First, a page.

In any case, "The Snow Queen" is a fascinating work of the imagination, with vividly described settings, realistic dialogue, well-developed characters and complex layers of symbolism and metaphor. In fact, it's really more a novel than a fairy tale, with a great deal of psychological depth.

I arrived at my own retelling of The Snow Queen story in a round-about way. Years earlier, I had written a poem called "The Robber Maiden's Story"; later I expanded the poem into an adult short story, that focussed on the relationship between Gerda and the robber-chieftain's daughter. But the Snow Queen wouldn’t let me go. Finally, using the Andersen story as a framework, I started work on a young adult novel. The little robber-girl, always my favourite fairy-tale character, gained a name – Ritva – and a much larger role to play. Ritva’s horrible old mother became a Saami shaman, whose powers Ritva was due to inherit.

I’d been researching Tibetan shamanism for my first YA novel, The Dance of the Snow Dragon , and that led me to books on Finnish and Saami shamanism--and then to the Finnish myth cycle, the Kalevala. I thought I could hear echoes, in Andersen's Christian fantasy, of the older, darker mythology of the Kalevala.

Pohjola, the unknown country of Finnish mythology, lies in the northernmost back corner of the world, where earth and day end. The hero’s journey to Pohjola is one of the central themes of the Finnish epic, just as Gerda’s journey to the Snow Queen’s mysterious kingdom is the central narrative of Andersen’s story

I’m fascinated by connections. And now I was hot on the track of a connection between Andersen and Finnish mythology that I don’t think anyone else had made.

In my mind, the Snow Queen became identified with the Kalevala’s Dark Enchantress, the Woman of Pohjola, the drowner of heroes and destroyer of souls. So partway through the book, my story takes a turn away from Andersen, and moves into the world of Finnish mythology, and also the real historical 19th century world, as I send Gerda and Ritva on foot across the treacherous Arctic ice to the Snow Queen’s palace.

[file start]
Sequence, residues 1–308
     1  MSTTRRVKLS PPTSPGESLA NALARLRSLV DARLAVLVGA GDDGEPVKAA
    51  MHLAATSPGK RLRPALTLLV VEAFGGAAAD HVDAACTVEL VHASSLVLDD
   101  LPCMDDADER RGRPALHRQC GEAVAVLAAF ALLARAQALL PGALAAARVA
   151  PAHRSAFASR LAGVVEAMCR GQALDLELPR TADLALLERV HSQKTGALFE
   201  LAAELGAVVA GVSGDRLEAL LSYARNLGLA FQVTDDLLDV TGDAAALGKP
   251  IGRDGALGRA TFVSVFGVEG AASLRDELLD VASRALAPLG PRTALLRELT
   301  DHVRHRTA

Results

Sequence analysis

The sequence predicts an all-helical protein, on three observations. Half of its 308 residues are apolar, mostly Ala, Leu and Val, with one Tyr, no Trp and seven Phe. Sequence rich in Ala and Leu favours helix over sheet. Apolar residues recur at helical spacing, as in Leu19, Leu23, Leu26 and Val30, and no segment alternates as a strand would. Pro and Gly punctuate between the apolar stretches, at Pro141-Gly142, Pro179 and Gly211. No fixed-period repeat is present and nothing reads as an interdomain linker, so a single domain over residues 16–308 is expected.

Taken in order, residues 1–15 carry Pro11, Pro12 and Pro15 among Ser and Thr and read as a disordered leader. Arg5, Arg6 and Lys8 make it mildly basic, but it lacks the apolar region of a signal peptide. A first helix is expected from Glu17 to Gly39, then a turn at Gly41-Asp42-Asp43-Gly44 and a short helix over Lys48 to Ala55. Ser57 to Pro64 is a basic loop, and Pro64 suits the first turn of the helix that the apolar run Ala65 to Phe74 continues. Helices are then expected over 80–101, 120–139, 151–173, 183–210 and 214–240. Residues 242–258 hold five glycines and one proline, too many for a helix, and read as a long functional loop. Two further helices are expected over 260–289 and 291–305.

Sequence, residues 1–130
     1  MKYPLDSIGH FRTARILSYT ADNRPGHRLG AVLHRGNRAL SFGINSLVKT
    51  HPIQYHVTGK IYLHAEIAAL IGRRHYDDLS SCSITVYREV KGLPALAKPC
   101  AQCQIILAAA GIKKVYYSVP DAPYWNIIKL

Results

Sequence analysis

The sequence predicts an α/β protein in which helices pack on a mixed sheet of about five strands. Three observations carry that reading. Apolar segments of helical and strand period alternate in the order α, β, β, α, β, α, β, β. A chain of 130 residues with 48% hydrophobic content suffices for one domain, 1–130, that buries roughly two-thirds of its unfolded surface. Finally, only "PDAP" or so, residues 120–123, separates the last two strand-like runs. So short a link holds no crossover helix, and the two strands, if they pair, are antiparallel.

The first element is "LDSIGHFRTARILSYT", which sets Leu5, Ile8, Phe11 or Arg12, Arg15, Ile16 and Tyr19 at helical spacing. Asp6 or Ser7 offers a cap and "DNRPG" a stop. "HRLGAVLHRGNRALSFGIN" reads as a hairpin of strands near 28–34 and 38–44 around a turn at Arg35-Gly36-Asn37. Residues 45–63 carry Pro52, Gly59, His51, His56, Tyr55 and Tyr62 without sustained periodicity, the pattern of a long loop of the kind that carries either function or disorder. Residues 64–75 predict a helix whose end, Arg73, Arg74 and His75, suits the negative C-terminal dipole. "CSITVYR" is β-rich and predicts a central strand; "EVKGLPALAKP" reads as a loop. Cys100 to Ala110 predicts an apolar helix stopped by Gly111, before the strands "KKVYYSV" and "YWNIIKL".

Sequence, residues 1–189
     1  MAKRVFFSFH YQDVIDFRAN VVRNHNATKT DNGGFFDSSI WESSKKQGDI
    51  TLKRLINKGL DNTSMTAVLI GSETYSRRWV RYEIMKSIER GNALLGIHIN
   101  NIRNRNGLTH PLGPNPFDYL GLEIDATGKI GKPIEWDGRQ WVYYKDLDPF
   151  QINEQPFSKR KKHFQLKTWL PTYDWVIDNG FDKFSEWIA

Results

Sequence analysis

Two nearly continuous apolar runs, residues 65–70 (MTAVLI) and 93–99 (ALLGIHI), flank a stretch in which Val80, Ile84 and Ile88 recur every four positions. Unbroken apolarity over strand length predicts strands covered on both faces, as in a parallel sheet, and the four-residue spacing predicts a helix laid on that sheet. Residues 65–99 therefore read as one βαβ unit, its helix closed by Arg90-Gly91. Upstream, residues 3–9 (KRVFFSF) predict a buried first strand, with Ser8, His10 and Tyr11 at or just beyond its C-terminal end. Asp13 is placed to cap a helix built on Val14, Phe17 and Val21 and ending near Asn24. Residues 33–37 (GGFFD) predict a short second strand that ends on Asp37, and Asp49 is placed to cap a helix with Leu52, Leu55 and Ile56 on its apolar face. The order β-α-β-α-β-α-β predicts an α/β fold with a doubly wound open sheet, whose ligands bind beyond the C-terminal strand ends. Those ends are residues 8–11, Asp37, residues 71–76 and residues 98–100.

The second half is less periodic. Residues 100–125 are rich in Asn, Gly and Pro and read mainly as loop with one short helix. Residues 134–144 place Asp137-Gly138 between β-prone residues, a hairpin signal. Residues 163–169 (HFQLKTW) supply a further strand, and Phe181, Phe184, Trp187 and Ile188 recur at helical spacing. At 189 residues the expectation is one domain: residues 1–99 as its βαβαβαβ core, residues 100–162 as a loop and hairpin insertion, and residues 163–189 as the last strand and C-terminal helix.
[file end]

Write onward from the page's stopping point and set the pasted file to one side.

If Andersen could subvert the traditional fairy tale by having the girl rescue the boy, then I decided I could subvert it a little further, by letting Gerda realize that it wasn’t domestic bliss with Kai she really wanted. By now, like a lot of other Victorian women, she’d acquired a taste for travel and adventure. And Kai, who has taken up with a shipful of scientists who are mapping the coastline of Spitzbergen, is clearly not interested in romance.

In the original Snow Queen story Kai and Gerda are young children, and Gerda’s love for Kai is entirely innocent. But the story has been endlessly analyzed, and a lot of critics have noted a certain amount of underlying sexual tension. There’s the robber-maiden's sadistic treatment of Gerda, not to mention the Snow Queen's slightly suspect relationship with Kai.

Because I was writing for young adults, I didn't dwell on that aspect, but made it instead a coming of age story about an unlikely friendship between two oddly-matched young women. And I left the story with the suggestion that Gerda, like other Victorian lady travellers, had many adventures still to come.